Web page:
LONDON (Reuters) - Sterling steadied near 11-month lows on Thursday after a decline this week that was fueled by investor fears Britain will leave the European Union without an agreement on its future relationship with the bloc.
The pound traded as low as $1.2842, its weakest since Aug. 25 2017, before climbing back up to around $1.29. It is now set for its biggest weekly loss since May.
The pound rose against the euro, gaining 0.2 percent to 89.980 pence EURGBP=D3, up from 10-month lows touched on Wednesday.
The recent slide began after the UK trade minister, Liam Fox, warned over the weekend that he saw a 60 percent chance of a no-deal Brexit.
Most analysts believe Britain and the EU will strike a deal, but doubts are growing. The UK is staring at a few crucial months of negotiations in which it must make progress if it is to agree a deal before its scheduled exit date in March 2019.
“The risk is that this gets its own dynamic and we see a downward spiral in the pound,” said Commerzbank analyst Thu Lan Nguyen, predicting at least a 10 percent drop in sterling with a no-deal Brexit. “This is a warning sign.”
Economists give a median 25 percent chance of no agreement, according to a Reuters poll published on Thursday. Foreign exchange strategists believe sterling/dollar will rise to $1.31 in a month and to $1.34 by end-January. Without a deal, however, sterling would slide to $1.20.
Traders say investors have rushed to hedge themselves against Britain’s being locked out of trading freely with its largest export partner, the EU.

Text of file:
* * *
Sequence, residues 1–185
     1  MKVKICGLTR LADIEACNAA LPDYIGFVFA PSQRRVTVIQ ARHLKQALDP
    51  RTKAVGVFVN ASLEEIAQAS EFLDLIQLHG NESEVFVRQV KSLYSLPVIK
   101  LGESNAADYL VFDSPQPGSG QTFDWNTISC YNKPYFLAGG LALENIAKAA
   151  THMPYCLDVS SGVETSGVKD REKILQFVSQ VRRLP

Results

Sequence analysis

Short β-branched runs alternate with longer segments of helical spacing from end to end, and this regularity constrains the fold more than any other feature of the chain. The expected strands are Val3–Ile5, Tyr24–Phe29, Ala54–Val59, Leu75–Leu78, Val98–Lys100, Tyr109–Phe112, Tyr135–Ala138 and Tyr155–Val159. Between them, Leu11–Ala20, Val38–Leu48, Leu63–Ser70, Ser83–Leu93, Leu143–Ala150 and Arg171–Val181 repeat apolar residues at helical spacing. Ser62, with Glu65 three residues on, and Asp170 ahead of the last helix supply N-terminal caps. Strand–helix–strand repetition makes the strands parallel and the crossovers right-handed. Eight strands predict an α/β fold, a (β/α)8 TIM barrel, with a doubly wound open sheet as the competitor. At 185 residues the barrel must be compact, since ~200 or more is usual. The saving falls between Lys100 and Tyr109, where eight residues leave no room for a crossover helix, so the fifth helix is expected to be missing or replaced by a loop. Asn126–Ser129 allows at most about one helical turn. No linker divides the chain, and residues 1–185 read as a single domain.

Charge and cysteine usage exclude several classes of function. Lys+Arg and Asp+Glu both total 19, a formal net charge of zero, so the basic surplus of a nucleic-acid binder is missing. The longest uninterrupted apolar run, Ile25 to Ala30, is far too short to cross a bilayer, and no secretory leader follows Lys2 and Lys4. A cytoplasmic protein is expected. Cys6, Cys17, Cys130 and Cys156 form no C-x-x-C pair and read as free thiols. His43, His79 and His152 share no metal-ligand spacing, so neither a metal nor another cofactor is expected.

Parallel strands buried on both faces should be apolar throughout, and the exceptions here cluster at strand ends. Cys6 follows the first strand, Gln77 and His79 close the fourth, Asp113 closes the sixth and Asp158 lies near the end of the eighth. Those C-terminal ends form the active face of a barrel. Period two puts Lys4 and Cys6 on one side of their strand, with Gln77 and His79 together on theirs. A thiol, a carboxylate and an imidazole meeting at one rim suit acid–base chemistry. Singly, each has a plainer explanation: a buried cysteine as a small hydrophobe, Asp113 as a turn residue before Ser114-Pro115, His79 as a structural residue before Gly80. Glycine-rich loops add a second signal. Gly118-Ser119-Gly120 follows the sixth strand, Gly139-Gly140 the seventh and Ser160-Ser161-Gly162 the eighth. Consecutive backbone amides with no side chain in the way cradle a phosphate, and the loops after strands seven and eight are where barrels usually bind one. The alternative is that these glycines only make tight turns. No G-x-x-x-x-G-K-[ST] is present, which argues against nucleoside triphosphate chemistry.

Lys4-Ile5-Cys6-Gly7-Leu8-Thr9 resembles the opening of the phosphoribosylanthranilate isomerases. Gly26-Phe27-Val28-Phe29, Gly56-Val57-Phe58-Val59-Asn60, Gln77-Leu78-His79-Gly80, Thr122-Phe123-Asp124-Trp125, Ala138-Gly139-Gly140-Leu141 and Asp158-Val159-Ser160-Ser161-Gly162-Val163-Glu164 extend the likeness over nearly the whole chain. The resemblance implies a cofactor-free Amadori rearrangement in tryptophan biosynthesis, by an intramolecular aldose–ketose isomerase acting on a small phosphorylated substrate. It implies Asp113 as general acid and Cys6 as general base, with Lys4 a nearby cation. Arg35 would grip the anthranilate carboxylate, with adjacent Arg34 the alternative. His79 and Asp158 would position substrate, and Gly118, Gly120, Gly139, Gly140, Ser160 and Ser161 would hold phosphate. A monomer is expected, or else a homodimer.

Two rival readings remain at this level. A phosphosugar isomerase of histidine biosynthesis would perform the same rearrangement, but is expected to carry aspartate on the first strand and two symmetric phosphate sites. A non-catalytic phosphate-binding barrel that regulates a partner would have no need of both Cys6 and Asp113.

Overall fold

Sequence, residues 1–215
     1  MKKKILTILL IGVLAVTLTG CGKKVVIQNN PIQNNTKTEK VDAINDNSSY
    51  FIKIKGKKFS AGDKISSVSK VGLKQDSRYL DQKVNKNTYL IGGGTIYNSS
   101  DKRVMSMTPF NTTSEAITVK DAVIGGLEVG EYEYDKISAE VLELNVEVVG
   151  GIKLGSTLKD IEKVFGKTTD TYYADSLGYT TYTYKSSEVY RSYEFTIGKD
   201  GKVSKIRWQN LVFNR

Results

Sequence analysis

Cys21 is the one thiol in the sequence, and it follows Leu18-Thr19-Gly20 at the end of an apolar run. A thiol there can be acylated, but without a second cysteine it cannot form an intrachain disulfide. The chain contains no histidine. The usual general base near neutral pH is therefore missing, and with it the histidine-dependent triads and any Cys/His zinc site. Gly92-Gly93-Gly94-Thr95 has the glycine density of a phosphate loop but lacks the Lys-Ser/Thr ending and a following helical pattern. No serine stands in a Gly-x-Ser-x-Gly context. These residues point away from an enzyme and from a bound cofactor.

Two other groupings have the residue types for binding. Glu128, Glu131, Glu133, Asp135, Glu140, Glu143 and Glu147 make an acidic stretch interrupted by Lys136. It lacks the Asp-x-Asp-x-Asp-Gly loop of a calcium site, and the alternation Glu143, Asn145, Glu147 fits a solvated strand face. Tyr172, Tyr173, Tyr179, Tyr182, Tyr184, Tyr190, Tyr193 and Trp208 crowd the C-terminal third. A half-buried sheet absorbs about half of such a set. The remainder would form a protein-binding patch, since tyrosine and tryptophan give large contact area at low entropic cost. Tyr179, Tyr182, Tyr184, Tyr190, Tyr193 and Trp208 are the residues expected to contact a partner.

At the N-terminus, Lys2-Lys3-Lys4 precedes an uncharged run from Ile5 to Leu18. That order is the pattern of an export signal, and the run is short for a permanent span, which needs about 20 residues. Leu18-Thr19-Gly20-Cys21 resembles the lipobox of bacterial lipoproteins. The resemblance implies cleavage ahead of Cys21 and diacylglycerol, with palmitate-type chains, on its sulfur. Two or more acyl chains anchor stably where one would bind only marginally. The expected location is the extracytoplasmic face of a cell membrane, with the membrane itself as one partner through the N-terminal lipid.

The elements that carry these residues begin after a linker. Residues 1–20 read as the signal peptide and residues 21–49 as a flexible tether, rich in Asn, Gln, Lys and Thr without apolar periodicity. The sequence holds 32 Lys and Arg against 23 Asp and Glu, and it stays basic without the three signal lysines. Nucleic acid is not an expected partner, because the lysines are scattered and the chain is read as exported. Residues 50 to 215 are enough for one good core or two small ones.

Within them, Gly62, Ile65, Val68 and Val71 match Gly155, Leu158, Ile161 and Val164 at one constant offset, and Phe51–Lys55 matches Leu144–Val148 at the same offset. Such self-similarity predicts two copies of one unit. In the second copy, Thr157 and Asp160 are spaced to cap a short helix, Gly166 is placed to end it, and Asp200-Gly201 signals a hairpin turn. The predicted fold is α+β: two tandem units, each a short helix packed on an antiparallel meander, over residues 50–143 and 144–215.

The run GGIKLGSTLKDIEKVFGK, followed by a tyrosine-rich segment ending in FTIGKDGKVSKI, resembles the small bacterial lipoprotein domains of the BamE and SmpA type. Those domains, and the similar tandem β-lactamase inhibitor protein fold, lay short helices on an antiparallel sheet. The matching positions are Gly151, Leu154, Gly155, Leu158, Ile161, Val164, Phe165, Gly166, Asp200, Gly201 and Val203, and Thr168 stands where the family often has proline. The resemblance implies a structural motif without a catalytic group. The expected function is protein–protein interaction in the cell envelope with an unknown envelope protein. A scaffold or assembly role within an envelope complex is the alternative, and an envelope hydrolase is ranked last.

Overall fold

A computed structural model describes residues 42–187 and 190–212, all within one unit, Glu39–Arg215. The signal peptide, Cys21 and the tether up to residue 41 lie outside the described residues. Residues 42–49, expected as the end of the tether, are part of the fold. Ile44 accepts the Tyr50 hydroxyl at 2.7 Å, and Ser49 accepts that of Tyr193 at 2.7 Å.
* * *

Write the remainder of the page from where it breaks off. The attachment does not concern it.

The cost of protecting against price falls has risen, and three-month sterling volatility this week rocketed to a five-month high.
Some, however, believe markets have priced in the cost of a no-deal Brexit.
“When it comes to bonds and currencies, we think that most of the hard Brexit risk has been priced in,” said Kallum Pickering, a senior economist at Berenberg.
“The reason I say that hard Brexit is priced in is that since the Brexit vote, we had the correction in sterling , and the UK economy did better than expected ... The BoE (Bank of England) has gone from an easing policy stance to a tightening policy stance.”
Nordea analyst Andreas Steno Larsen said he was looking at pound buying opportunities because the “Bank of England seems to have a very low tolerance of a weaker pound”, given the inflationary impact of a weaker currency.
The pound continued its fall against the Swiss franc GBPCHF=D3 on Thursday but recovered slightly versus the Japanese yen GBPJPY=.
Reporting by Tommy Wilkes, additional reporting by Dhara Ranasinghe and Virginia Furness, editing by Larry King